According to Johnston, “We ran a zero balance campaign. Whatever money came in was spent, a lot of it was coordinated through Mike Hubbard’s company.”
CBA is a 501(c)(4) nonpartisan nonprofit corporation. According to Alliance for Justice, “The tax exemption for 501(c)(4) organizations applies to most of their operations, but contributions may be subject to gift tax, and income spent on political activities – generally the advocacy of a particular candidate in an election – is taxable.”
CBA records show that, $717, 750 of the almost exactly $1,000,000 raised and spent by CBA in 2010 came directly from partisan Republican PACS and campaign accounts controlled directly by Riley and Hubbard. That is 70 percent of all money raised and spent.
Another $100,000 came directly from another Republican PAC – the Republican State Leadership Committee (RSLC) PAC in Washington DC. Again from an internal memo from September of 2011, the RSLC stated that it was “unprecedented” for them to give political money to a nonprofit such as CBA.
The total amount of unquestionably partisan Republican political money (as it came directly from GOP political committees) sent to CBA in 2010 totaled well over $800,000 – 80 percent of all money raised.
Of the remaining $200,000 raised by CBA, there were only 11 separate donors. Ten (10) of those donors had previously contributed political money to Riley and/or Hubbard.
According to CBA’s Form 990, almost all of the money spent – over $982,000 – was on advertising. That advertising was purchased by a Hubbard business interest.
Taking Johnston’s statement on spending into the equation, it seems likely that all of the nearly $1 million spent by CBA was spent with companies owned (either wholly or in partnership) by Hubbard.
All of these actions by Riley and Hubbard raise serious questions.
Did Riley and Hubbard hope to hide the fact that Hubbard business interest were receiving large sums from CBA? It would seem that by running the money through CBA, there would be no disclosure that then Alabama GOP Chair Hubbard was getting almost $1 million in personal business from the “anti-bingo” effort on the eve of a major statewide election.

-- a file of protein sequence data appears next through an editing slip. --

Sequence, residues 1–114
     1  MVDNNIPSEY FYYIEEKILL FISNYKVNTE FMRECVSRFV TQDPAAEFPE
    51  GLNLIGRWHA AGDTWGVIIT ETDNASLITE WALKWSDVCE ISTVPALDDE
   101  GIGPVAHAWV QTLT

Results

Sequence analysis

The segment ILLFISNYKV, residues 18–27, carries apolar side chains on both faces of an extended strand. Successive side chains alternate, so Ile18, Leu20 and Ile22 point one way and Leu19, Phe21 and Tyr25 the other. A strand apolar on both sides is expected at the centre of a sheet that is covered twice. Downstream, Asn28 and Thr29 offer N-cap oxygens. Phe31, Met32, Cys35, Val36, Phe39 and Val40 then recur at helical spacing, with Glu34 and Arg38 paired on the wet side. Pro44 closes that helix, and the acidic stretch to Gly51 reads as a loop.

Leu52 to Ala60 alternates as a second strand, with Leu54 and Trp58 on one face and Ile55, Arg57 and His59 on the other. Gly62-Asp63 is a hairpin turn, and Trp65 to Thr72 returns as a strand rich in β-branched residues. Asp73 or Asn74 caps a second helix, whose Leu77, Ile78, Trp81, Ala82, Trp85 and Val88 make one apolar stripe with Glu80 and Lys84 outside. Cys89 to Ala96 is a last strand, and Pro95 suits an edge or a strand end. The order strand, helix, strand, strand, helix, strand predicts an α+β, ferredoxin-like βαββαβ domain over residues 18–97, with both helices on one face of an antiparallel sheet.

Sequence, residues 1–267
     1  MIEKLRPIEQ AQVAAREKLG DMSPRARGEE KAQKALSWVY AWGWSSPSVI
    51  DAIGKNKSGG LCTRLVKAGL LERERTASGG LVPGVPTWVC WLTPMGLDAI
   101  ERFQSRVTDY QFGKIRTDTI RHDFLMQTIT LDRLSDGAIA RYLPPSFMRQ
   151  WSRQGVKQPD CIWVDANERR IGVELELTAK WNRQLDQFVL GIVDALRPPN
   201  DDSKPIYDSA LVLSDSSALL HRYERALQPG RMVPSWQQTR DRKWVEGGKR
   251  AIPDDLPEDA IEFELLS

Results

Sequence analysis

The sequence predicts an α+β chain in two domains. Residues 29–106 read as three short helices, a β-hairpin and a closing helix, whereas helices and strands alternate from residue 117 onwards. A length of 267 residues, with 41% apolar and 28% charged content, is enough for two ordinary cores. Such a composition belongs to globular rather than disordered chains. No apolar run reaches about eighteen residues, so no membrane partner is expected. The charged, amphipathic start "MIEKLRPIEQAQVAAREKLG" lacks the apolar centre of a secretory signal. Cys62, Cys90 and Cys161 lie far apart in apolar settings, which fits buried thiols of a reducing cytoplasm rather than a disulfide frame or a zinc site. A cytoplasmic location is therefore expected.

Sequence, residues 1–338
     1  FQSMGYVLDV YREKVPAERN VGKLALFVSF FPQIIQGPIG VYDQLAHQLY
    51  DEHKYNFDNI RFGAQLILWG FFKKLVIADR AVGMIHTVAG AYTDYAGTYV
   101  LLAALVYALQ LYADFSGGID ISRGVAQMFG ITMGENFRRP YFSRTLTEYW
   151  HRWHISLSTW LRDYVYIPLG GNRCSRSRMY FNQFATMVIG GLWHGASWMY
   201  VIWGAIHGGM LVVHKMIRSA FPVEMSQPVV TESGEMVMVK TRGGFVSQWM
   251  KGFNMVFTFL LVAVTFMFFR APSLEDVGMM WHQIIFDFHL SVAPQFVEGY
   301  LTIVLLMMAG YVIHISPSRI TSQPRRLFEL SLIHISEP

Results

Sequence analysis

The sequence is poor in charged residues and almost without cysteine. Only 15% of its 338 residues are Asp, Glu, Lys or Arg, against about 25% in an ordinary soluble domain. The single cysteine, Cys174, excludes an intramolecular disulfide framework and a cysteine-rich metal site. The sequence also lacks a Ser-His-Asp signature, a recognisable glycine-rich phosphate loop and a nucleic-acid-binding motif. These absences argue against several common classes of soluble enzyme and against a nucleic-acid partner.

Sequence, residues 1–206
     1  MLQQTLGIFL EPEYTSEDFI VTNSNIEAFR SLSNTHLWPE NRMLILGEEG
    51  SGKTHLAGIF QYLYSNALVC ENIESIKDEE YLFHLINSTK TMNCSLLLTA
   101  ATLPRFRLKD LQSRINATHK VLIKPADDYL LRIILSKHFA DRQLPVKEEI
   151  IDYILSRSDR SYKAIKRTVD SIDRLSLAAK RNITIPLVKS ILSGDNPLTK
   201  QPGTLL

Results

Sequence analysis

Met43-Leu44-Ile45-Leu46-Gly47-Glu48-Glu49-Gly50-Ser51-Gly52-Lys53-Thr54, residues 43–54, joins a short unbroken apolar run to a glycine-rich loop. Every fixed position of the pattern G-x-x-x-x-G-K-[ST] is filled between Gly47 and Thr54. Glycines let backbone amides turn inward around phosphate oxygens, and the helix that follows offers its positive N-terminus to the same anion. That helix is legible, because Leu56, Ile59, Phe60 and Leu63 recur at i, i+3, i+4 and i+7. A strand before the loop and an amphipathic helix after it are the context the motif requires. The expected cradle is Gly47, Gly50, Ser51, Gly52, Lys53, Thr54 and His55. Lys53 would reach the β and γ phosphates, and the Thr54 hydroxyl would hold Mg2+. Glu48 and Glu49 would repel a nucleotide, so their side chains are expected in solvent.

Due to the overwhelming funding of the “nonpartisan non-profit” CBA directly from GOP PACS, was CBA in violation of federal tax law?
Could CBA owe back taxes on the partisan money contributed for political purposes?
It would certainly seem that CBA could be held liable for hundreds of thousands of dollars of unpaid taxes. As the sole officer of CBA, Johnston would be the person who would be held responsible, even if Riley and Hubbard were pulling the strings – as he has indicated in interviews.
Perhaps the more troubling questions are:
Why did the Republican State Leadership Committee send a $100,000 check to CBA after the bingo fight had been ended by disclosure of a federal investigation in April 2010?
Why did Hubbard’s Network PAC direct over $100,000 in GOP political funds to CBA after the bingo battle ended with the announcement of the federal investigation in April 2010?
Why did Hubbard send $75,000 of precious GOP political money from NETWORK PAC to CBA on October 25, 2010 – one week before the November election and at a time when the State GOP He headed needed every penny for last minute campaigning?
Johnston has a long history of opposing gambling in Alabama. It is likely he wanted to help fight gambling expansion; whether or not he knew that he would essentially be handing over his non-profit to Riley and Hubbard is unknown.